Saturday, 26 October 2019

Speaker Cables Upgraded

I know there are those who thing a bit of wire 'twixt amp and speaker is just that - a bit of wire, and that nothing other than something is enough.

But I've heard enough cables to know that, within a system context, they can make a difference.  This doesn't mean all cables make an appreciable difference in all systems.  Nor does it mean that all systems benefit from changing cables.

Plus, there seems to be no direct relationship between the price of a cable, and its performance in a particular system.  So the best approach is to try a few - if you like what you hear, keep them. If you don't like what you hear don't keep them. If you think there is no difference in what you hear, keep the cheapest one.

And that about sums up my views on cables.  I don't rant about them making no difference. I don't swear blind that they can make a seismic change in a system. I don't extrapolate the experience in one system to all systems. Just try it and make up your own mind.

The 'musings system, in the last 15 years or so, has relied upon various flavours of Linn's heavy gauge multi-channel speaker cables.  So that's K400 for bi-amp / bi-active scenarios, K600 for tri-amp / tri-active scenarios and 2x K400 for quad-active for the Majik 140s.  And its just got on with its job and although I tried a number of different cables in the system over that period, the K stuff just seemed even handed and decent enough VFM.  For other systems I've found vanDamme blue in 2.5mm and 4mm gives great VFM and is even handed in the same way that the K cables behave.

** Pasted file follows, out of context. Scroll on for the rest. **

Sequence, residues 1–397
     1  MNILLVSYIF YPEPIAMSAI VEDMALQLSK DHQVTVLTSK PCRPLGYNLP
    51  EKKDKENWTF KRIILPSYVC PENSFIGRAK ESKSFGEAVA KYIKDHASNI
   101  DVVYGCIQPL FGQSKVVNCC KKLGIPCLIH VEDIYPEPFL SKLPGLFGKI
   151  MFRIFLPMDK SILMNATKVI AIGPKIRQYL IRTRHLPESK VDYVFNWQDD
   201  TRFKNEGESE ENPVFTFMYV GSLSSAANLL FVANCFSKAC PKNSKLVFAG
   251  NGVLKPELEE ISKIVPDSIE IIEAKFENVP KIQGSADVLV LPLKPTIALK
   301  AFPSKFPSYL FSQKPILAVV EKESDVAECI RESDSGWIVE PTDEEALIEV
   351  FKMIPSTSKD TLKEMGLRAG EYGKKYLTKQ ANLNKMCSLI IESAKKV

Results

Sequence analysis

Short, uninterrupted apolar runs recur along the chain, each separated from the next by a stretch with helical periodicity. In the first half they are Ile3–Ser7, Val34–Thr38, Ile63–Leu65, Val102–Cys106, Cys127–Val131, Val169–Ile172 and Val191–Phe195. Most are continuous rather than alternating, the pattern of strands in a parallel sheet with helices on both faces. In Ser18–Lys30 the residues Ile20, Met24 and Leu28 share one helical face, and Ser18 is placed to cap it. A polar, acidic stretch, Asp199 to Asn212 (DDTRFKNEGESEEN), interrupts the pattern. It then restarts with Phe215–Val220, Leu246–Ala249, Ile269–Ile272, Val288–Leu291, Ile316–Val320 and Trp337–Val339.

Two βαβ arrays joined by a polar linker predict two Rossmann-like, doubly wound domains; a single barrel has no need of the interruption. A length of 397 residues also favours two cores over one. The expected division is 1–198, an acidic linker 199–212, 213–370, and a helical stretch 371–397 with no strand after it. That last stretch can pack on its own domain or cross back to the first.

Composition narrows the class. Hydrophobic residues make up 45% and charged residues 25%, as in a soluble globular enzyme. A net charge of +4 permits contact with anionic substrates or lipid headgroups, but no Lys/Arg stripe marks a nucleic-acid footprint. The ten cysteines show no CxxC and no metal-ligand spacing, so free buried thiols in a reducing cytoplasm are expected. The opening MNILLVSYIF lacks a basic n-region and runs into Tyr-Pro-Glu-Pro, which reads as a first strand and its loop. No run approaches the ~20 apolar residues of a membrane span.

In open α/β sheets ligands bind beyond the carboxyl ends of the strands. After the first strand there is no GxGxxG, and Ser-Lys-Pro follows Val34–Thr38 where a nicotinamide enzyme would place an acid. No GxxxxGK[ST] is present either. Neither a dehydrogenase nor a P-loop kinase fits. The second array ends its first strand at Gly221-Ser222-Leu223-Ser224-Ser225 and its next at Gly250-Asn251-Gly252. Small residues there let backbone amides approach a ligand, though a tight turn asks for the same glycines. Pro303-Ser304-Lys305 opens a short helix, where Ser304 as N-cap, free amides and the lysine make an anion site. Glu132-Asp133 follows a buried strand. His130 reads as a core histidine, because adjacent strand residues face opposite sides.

A few years ago, local Naimist R tried out some SuperLumina cable against his existing NACA 5 (a cable I never liked in my system, but a great favourite for many years amongst Naimists).  In his Naim / Kudos Super 20 system it was a revelation - the whole thing sounded much more grown up. Lots of the over edgy presentation went away and the music flowed better. In Naim terms it was like upgrading an XPS to a 555DR power supply - so pretty significant. This was supported by hearing the same comparison in a dealer's place with a variety of speakers.  In every combination the SuperLumina was a step up from whatever cables were in place at or below the same kind of price.